Some of the flat lands such as that in Egu Kebele, and the valleys are very much affected by waterlogging during the rainy season and by frost during the coldest months (October to January). Due to these factors, the yield obtained from these areas from rainfed agriculture is often very low and is not enough to feed households. Particularly, plains occupied by Vertisols require some surface drainage channels and cut off drains to be constructed along the slopes.

The common irrigation practice is traditional that combines flood, furrow, and/or basin irrigation without proper irrigation scheduling. The steep slopes are the main sources of water that come as springs or recharge the groundwater. Thus, the current national participatory and community-based watershed management program is a step in the right direction. Participatory and community-based watershed management is a strategy designed by the Ethiopian government to involve farming households in the efforts of conserving water, soil, forest, and other natural resource bases in their locality. It is mainly aimed at rehabilitating degraded watersheds. In this system, physical soil and water conservation mechanisms such as terraces, soil bunds, etc. are built and trees are planted by members of the community involving men as well as women to prevent soil erosion and land degradation as well as enhance vegetation cover of the watershed. The improved physical structure to prevent soil erosion and the vegetative cover will lead to a decreased risk of water erosion as well as better soil fertility. In the long term, the regeneration of forests will be stimulated. The watershed is furthermore replenished by improving the water absorbing capacity of soils. Finally, the increased availability of water and vegetation will ensure sustainable and long term improvements of the ecosystem for sustainable farming and improved livelihoods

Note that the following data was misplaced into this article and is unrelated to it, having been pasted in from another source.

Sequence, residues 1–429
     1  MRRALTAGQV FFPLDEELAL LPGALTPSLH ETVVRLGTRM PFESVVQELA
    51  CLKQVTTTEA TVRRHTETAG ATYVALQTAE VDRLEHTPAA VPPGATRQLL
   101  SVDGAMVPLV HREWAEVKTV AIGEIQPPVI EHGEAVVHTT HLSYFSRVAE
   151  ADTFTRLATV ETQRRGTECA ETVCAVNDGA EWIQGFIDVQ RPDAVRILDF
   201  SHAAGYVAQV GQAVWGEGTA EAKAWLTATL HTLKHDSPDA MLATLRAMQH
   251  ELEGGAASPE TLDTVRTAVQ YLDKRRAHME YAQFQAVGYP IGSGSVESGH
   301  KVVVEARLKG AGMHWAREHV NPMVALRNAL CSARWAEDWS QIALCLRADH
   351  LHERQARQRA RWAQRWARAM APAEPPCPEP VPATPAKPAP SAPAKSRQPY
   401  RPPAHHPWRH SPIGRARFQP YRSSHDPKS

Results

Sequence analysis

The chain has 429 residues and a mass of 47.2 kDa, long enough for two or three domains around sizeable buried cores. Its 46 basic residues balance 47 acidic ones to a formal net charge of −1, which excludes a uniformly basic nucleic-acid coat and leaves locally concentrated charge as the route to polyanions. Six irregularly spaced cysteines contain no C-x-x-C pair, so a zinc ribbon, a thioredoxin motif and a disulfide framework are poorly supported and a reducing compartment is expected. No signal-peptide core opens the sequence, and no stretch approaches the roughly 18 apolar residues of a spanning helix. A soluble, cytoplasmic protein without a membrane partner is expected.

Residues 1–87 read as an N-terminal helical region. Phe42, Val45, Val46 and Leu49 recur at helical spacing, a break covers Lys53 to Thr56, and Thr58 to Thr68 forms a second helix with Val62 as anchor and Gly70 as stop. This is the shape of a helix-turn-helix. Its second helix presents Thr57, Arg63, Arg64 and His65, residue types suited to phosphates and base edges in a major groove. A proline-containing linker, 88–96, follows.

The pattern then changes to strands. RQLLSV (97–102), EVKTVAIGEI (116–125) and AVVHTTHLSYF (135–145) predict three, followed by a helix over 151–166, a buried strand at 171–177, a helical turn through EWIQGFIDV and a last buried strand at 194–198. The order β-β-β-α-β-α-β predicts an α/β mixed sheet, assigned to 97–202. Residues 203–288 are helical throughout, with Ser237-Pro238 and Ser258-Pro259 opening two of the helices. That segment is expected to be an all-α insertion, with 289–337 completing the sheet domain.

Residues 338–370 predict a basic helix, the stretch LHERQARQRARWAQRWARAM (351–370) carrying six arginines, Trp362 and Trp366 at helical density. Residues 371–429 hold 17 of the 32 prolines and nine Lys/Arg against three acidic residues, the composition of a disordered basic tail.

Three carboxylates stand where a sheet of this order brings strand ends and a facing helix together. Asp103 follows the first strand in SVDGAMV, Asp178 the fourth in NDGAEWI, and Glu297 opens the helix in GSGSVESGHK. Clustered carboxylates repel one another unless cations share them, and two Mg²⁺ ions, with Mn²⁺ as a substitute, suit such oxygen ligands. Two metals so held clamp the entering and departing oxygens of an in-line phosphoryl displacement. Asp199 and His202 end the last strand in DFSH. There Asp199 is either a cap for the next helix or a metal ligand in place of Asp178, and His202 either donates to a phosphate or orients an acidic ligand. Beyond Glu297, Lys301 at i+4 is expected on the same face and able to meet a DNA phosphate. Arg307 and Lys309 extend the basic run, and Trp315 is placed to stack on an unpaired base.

iv) Farming system: The farming system is dominantly mixed cropping with livestock husbandry. The middle and lower slopes and the valley bottoms are the main agricultural lands. The lower slopes and valleys are also used for production of food crops during the rainy season, and vegetable crops, in addition to khat, during the off-seasons through irrigation. The major crops grown in the district include sorghum, maize, fenugreek, linseed, common bean, and wheat in some high elevation areas, and groundnut in the lowlands. The main cash/vegetable crops grown are tomato, beetroot, potato, cabbage, onion, carrot, pepper, lettuce, shallot, sweet potato, and spinach. Khat, coffee, fruits, and vegetables are the main cash crops. Khat is usually intercropped with sorghum, maize, sweet potato, and common bean.

Although the farming system is mixed crop-livestock production, the livestock component is not strong due to scarcity of animal feed in most of the kebeles. Grazing land is scarce and is limited to small valley areas not used for agriculture, and on steep slopes. Farmers use cut-and-carry system. Farmers also cut and use maize and sorghum plants as feed particularly after thinning. They also use crop residues, weeds, and grasses growing on farm edges as feed. Introducing multipurpose improved forage species, namely, Brachiaria grass, can address shortage of feed in the area and enhance livestock production.

v) Agricultural inputs (seeds, fertilizers and other chemicals): The use of fertilizers is based on blanket recommendation of 100 kg urea and 100 kg DAP per ha regardless of soil type and crop type. This is equivalent to 64 kg N and 20 kg P ha-1. In addition to this, as a regular soil fertility maintenance program, every farmer is advised by development agents (DAs) to apply organic matter to the soil either as manure or in the form of compost. However, due to limited inputs of organic materials for preparation of the compost, the positive impact of applied compost on soil fertility and health is minimal. Crop residues are mostly used as animal feed, fuel wood, and construction materials. Furthermore, the residues remaining in the field after harvest are burnt to avoid incidences of diseases and pests in the following cropping season. The combined use of all these practices would lead to low status of soil organic matter. The government of Ethiopia has embarked on developing soil fertility maps so that site- and crop-specific fertilizers recommendations can be made. This, in most cases, however is based merely on soil test results. However, calibration based on plant tissue analysis is still pending. Farmers have also limited access to inputs such as quality seeds of improved varieties, fertilizers, and pesticides. Consequently, it is vital to implement an integrated soil fertility management program in order to improve crop production and productivity, and ensure food and nutrition security of the farming community.